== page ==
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Supreme Court Decision on Insurance Subsidies Could Trigger Price Spikes
Making health insurance available and affordable to millions of people who buy their own coverage was a key goal for backers of the Patient Protection and Affordable Care Act (PPACA). But if the Supreme Court strikes down the insurance subsidies of millions of Americans who rely on the federal insurance marketplace, it could leave many worse off than they were before the law took effect, according to a report from Kaiser Health News.
That’s because millions of consumers likely would drop their policies, which they would no longer be able to afford without subsidies.
Most insurers could not cancel plans without giving 1 to 3 months’ notice. But the companies remaining in the market would likely seek sharp increases in premiums for the following year, anticipating that the consumers most likely to hold onto their plans would be those needing medical care, Kaiser says.
At issue in King v. Burwell — slated to be argued before the Supreme Court on March 4 — is the basis of subsidies that go to millions of low- and moderate-income Americans in the approximately three dozen states that rely on the federal marketplace. More than 85% of the 8.6 million people who purchased plans in those states qualified for subsidies, administration officials said.
Challengers of the PPACA point to four words in the Act that say subsidies shall be distributed through marketplaces “established by the state.” They argue that that wording bars the government from subsidizing insurance purchased through a federally administered exchange.
Supporters of the Act, on the other hand, argue that Congress intended the subsidies to be available through both federally run and state-run markets, which they say is clear in reading the overall bill.
The court’s ruling would have no effect on the subsidies provided to residents through state-run markets, such as those in California, New York, and Washington.
The Obama administration has declined to discuss contingency plans, expressing confidence that it will prevail with the justices.
If the court strikes subsidies, experts say Congress could apply “fixes,” such as voting to allow the subsidies to continue through the rest of the year. But whether a Republican-controlled Congress that has pledged itself to the law’s repeal would agree to that is uncertain.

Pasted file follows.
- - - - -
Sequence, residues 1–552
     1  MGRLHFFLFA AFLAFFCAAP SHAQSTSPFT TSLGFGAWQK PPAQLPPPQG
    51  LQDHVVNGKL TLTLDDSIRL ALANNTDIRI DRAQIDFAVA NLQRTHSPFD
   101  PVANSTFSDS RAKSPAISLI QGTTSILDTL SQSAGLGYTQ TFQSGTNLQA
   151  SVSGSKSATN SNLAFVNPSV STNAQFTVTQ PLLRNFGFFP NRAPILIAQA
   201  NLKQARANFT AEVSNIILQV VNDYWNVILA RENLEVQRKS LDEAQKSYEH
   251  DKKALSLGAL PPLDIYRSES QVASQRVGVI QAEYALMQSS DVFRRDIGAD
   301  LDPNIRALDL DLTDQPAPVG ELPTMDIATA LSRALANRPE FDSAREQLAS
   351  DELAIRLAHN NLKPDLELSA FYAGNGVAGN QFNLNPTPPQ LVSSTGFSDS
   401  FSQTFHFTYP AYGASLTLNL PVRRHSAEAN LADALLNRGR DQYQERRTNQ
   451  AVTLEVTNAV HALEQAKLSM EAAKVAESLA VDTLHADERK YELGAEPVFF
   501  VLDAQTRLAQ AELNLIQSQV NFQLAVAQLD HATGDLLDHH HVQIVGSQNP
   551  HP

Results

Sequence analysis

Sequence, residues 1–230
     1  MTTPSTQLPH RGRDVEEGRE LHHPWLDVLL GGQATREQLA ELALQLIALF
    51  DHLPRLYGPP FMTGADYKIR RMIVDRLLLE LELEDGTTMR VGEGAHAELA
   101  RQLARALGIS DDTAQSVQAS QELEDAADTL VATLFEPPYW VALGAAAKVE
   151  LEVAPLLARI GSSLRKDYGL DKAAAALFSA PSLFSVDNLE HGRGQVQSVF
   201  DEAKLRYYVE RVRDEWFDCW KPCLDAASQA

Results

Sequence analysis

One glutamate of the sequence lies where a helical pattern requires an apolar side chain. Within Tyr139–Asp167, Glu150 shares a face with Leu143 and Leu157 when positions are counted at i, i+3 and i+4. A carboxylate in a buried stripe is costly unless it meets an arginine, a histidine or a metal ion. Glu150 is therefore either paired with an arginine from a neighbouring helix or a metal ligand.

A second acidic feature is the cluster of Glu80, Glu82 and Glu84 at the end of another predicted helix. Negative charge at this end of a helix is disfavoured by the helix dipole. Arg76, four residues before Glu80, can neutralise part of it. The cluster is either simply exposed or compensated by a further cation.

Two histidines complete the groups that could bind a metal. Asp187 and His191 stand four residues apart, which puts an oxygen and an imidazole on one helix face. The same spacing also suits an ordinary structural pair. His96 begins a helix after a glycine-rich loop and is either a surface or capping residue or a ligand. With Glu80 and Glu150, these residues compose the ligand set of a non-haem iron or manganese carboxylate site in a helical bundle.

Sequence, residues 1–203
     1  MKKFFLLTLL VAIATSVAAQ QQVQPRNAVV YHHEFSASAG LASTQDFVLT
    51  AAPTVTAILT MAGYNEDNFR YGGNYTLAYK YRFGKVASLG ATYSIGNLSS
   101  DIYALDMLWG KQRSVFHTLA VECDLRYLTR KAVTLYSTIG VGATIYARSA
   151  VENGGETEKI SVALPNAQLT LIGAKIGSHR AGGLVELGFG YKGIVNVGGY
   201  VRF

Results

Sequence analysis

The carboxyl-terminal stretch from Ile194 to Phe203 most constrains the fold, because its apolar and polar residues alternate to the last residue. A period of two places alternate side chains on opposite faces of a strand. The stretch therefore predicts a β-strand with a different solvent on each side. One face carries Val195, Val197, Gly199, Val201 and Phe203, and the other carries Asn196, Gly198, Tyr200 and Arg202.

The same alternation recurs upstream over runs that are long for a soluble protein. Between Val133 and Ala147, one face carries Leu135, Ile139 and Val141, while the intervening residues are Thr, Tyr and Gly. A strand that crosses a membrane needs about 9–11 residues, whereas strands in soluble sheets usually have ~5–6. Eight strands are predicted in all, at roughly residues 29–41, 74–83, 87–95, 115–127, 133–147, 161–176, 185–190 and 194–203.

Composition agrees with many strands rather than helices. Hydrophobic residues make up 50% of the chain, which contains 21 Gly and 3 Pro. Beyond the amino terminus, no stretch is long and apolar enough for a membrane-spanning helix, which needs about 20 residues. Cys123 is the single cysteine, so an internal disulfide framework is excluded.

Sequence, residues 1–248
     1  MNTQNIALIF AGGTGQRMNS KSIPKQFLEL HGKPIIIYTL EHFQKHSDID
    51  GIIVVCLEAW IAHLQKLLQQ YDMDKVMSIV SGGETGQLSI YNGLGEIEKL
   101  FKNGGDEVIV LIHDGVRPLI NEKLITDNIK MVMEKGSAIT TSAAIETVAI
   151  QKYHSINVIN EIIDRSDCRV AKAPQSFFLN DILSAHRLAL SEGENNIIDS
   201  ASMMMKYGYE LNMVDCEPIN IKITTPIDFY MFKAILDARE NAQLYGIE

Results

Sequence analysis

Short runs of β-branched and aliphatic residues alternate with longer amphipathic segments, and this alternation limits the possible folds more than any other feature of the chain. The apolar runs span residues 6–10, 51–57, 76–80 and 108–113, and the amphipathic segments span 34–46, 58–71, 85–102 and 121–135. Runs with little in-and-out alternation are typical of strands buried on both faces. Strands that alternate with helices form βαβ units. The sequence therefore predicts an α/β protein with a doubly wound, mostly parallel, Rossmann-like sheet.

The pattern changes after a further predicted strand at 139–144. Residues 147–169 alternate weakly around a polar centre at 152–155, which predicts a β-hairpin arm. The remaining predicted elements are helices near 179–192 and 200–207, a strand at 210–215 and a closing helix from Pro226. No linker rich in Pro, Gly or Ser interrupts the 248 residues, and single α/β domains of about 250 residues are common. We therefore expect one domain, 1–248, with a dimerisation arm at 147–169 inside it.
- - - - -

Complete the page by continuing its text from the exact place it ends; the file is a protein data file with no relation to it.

At the state level, officials could decide to establish state-run marketplaces, but they would have to move fast before the start of open enrollment for 2016, tentatively set to begin November 1. And lawmakers in many GOP-led states are likely to resist such steps, citing opposition to the Act.
Governors in at least five of the states — Louisiana, Mississippi, Nebraska, South Carolina, and Wisconsin — have announced that they would not create their own exchanges if the court invalidated subsidies. In another four states — Georgia, Missouri, Montana, and Tennessee — politics could make it very difficult to set up a state program.
Even if insurers wanted to drop coverage immediately in the event the high court struck the subsidies, most could not do so legally, Kaiser says. State laws require anywhere from 30 to 90 days’ notice for an insurer to exit a market. And if they withdraw, they have to pull all of their plans, not just those offered through the federal exchange.
Regulations keep insurers from coming back into the market for years, however, creating a disincentive to bail out.
Stuart Butler, a conservative scholar at the Brookings Institution, believes the court is likely to offer some temporary remedy, such as a grace period when the subsidies could continue to flow.
“The idea that there will be some cataclysm the day after is extremely unlikely,” Butler said. “We’ll see a number of states moving toward essentially setting up a state exchange. We could still see Texas and a few others saying no. But if two-thirds of states find a way to accommodate it, I don’t see that a critical mass for the collapse of the Affordable Care Act is there.”
Source: Kaiser Health News; February 26, 2015.